Alaska voters will be asked Tuesday whether they want to create a Gaming Commission within the state Department of Revenue, resolving a bitter fight between pro- and anti-gambling forces.
The seven-member commission would have authority to expand gambling by allowing slot machines, poker rooms, lotteries or any form of waging game.
Right now, only state legislators have that authority and they have been jockeying for years over what is right for Alaska. Should card players be able to play Texas Hold 'em for money? Should bar patrons be able to try their luck with slot machines? Should Alaska be allowed to join other states in the Powerball lottery?
Supporters of creating the commission through Ballot Measure 1 say allowing more gambling will attract tourists, keep revenue in state that is now going to Nevada or to online gambling sites, and possibly create jobs and provide additional money to the state coffers through new taxes.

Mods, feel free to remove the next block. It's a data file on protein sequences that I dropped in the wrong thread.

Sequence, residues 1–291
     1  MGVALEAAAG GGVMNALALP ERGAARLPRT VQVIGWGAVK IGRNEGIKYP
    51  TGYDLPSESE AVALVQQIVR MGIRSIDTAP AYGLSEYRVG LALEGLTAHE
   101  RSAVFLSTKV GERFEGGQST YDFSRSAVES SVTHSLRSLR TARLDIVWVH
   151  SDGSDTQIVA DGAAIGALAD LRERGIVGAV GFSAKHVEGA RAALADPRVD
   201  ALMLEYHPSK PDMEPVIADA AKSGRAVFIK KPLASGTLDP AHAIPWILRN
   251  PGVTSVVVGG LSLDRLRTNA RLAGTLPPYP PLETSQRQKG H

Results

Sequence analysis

"There's a lot of money involved, and it should stay here," said lawyer Ken Jacobus, who helped write the initiative for the group Alaskans for Gaming Reform. "I'm voting yes because I think it's good for the Alaska economy."
Opponents say nothing about the system is broken now, and gambling can lead to such serious societal ills as child neglect, divorce, bankruptcies and debt-driven crimes. Only lawmakers should have the power to expand it, they say. Alaskans for Gaming Reform is hoping to enact something it can't get through traditional law-making channels, they say.
Read the full story at adn.com.